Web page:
by Kristin Bricker, Upside Down World
The rescue of 33 miners who spent 68 days underground following a cave-in a Chilean copper mine has struck a nerve in Mexico, where the widows of 63 miners killed in the Pasta de Conchos disaster are still fighting for justice and the right to give their husbands a decent burial.
On February 19, 2006, an explosion in the Pasta de Conchos coalmine, located in the state of Coahuila, buried sixty-five miners. Only two bodies were ever recovered. Grupo México, the Mexican company that owns the mine, left the other sixty-three bodies in the ground.
As the the Chilean miners were raised to the surface on October 13, widows and other family members gathered at the Pasta de Conchos mine to ask themselves what would have happened if the Mexican government had responded as the Chilean government did. "In Chile they declared that they were alive," said the families in a statement. "They didn't condemn them to death, they weren't discouraged by the 700 meters that separated them, nor by the fact that a rescue beyond a depth of 300 meters had never been attempted before." The Pasta de Conchos miners' location is estimated to be only 150 meters below the surface.
The mining union that represented some of the miners killed in the Pasta de Conchos argues that, in contrast with the Chilean response, "Grupo México, with the [Mexican government's] full complicity, decided to close the mine only five days after the incident, when there was still hope that the trapped miners were alive. It condemned them to death and, above all, covered up the real causes of the tragedy."
Raúl Vera López, the bishop of Saltillo, Coahuila, said that he suspects that Grupo México doesn't want to recover the remaining 63 bodies for fear of proving that at least some of the miners survived the explosion and died awaiting rescue. "If they find the bodies all together, with clothing, bones, helmets," argues Bishop Vera, "it means that they were waiting to be rescued."
Grupo México justified calling off the rescue after only five days by arguing that it was impossible that any miner survived the explosion, which Coahuila Gov. Humberto Moreira said had reached temperatures of 600˚C. The company also presented a report that claimed that the air inside the mine could not sustain life. The report was based on air samples taken from air ducts. However, samples were taken from a part of the mine where only 15-26 workers were believed to be working when the explosion occurred.
Carlos Rodriguez of the Center for Labor Reflection and Action (CEREAL) questions Grupo México’s decision to call off the search so soon. “Why wasn’t seismic monitoring used [during the rescue attempt] to locate where people were concentrated?” he asks. “Digital plans weren’t given to the rescuers so that they would know where the miners were working. If [the company] really knew where the workers were, why didn’t it drill? If they would have drilled they could have gotten the methane gas out of there, and they would have found signs of life. Chile searched [for survivors] for 19 days. Grupo México searched for 48 hours, and it declared them all dead after five days.”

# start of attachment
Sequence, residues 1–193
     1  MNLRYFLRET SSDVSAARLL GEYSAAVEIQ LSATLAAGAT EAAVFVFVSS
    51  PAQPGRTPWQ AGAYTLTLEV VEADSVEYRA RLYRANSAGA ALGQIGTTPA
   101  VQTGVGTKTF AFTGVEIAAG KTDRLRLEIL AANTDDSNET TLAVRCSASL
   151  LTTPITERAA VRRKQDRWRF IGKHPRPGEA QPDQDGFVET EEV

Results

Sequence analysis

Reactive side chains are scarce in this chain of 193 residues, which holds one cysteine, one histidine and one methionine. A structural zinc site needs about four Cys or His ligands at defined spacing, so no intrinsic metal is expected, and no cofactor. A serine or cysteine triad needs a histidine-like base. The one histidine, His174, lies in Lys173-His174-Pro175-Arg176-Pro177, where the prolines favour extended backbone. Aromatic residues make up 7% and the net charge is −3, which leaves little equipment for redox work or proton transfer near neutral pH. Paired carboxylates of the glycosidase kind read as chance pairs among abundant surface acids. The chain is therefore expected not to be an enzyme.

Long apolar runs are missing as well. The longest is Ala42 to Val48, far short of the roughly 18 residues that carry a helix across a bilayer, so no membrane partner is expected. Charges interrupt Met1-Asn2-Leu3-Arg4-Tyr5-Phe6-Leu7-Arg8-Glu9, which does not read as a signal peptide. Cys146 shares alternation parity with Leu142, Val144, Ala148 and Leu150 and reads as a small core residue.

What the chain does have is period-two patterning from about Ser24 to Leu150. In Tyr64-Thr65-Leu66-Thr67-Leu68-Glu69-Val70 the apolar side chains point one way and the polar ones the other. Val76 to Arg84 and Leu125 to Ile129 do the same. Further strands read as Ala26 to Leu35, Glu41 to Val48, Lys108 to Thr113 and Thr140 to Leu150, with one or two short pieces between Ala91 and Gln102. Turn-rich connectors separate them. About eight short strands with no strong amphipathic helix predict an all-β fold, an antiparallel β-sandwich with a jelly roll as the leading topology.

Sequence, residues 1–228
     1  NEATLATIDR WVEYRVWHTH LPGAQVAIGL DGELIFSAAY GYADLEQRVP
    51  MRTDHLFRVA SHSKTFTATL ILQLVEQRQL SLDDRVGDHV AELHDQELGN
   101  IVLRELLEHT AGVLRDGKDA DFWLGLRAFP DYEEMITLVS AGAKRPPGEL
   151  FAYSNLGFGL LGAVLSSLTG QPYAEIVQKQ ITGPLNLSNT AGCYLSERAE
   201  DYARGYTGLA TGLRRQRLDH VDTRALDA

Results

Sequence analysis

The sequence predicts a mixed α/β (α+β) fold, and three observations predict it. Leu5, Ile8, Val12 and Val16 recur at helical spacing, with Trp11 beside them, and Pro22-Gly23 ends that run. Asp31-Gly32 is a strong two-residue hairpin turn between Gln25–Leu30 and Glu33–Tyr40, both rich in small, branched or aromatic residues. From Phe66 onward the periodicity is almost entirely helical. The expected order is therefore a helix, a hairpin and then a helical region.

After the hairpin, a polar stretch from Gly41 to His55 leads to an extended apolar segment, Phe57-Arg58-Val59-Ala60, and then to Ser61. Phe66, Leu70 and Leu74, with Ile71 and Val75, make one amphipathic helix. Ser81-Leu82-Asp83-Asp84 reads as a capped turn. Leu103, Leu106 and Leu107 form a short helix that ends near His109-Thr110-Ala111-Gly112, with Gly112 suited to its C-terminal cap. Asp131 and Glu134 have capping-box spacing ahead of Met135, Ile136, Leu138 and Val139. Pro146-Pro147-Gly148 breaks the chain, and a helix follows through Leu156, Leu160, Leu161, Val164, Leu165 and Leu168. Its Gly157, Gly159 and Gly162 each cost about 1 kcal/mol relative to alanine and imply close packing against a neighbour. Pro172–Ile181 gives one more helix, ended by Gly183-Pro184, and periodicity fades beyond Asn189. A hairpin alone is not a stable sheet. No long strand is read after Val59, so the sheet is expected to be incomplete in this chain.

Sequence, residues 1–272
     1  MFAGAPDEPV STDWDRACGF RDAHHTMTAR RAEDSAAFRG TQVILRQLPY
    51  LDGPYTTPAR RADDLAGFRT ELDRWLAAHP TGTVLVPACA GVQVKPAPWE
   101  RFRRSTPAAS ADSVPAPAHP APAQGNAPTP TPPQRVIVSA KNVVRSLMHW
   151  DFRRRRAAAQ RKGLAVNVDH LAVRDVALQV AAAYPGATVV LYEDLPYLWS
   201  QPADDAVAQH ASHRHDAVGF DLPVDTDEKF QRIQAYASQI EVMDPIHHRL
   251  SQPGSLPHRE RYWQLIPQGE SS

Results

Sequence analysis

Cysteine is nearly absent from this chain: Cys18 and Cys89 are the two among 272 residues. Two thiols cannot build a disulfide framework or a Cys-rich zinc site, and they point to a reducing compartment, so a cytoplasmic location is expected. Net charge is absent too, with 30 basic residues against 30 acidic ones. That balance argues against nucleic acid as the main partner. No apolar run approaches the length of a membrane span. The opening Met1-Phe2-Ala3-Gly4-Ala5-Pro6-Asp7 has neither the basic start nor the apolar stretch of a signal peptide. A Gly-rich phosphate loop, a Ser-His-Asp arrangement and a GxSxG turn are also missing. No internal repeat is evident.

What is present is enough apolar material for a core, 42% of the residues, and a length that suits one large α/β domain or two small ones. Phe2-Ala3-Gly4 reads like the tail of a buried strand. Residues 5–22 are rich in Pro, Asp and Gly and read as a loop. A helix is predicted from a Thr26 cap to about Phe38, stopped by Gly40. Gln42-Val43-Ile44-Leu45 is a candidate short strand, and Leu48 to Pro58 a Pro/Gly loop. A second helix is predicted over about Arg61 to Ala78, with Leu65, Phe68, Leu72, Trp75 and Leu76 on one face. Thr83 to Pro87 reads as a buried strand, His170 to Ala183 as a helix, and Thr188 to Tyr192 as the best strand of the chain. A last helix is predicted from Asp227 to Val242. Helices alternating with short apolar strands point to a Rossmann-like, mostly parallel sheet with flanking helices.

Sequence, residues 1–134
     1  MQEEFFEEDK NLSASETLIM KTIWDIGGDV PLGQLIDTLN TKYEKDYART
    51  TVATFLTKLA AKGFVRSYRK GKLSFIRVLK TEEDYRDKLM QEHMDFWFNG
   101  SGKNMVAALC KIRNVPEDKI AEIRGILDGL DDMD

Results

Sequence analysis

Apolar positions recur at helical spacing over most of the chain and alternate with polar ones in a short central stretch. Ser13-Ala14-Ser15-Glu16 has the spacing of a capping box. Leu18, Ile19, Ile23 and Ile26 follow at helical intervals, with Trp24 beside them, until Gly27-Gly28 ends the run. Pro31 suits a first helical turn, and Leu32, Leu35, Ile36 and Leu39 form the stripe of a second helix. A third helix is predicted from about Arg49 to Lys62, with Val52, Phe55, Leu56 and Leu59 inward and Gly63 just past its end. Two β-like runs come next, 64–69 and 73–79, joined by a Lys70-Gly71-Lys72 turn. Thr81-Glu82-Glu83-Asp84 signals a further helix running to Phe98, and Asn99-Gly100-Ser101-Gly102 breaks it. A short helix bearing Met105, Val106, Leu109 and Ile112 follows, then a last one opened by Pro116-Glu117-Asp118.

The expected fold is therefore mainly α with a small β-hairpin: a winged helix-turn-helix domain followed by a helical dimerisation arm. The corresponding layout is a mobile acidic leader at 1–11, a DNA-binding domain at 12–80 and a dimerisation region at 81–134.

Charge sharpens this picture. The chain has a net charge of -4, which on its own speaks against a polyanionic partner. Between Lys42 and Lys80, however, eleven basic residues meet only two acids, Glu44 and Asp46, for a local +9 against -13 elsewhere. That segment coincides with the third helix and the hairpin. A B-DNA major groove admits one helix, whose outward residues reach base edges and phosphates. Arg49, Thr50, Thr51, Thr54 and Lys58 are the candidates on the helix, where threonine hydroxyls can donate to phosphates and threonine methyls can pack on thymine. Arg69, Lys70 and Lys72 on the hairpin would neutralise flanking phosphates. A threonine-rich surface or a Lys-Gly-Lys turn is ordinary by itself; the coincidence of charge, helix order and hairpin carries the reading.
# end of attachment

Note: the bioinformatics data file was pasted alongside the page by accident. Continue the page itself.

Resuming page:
Rodriguez believes that despite the companies’ claims, some miners could have survived the blast. “The two bodies that were recovered were not burnt,” he argues. If all of the miners died from the heat of the explosion, “why is it that the only two bodies that have been recovered weren’t burnt?”
Elvira Martínez, the widow of one of the trapped miners, believes that Grupo México has consistently opposed rescue and recovery efforts because it wants to leave incriminating evidence in the ground. “They’re afraid of what could be found. They don’t want the evidence to come out: the safety conditions and, above all, how our family members died in there.”
Rodriguez believes Grupo México’s blatant disregard for safety regulations caused the explosion. “They used machinery that was prohibited because it is dangerous. The gas levels were very high. Methane gas, between 11 and 12 percent is explosive. The first measurements that were done following the explosion were at 54%. The ventilation system was extremely deficient.”
The Mexican Geological Service contracted mining specialist Raúl Meza Zúñiga to investigate the possible causes of the fatal explosion. Meza argues that the mine was being overexploited, with workers extracting over 250 tons of coal per hour. Meza believes that the dangerously high extraction rate released the methane gas that is naturally found in coal deposits, raising the level of methane gas in the mine to an explosive level. The use of soldering and welding equipment in a mine where gas levels were not properly tested could have caused the explosion.
A government-commissioned report on safety conditions in the Pasta de Conchos mine found that the supports that reinforced the mineshaft were not designed to withstand horizontal pressure, such as the pressure produced by an explosion. The explosion caused multiple cave-ins in the mine. The report concluded, “The failures that are described throughout the Pasta de Conchos report are, in almost all cases, systemic failures: of safety, of maintenance, administrative controls, of emergency preparedness, and of emergency response.”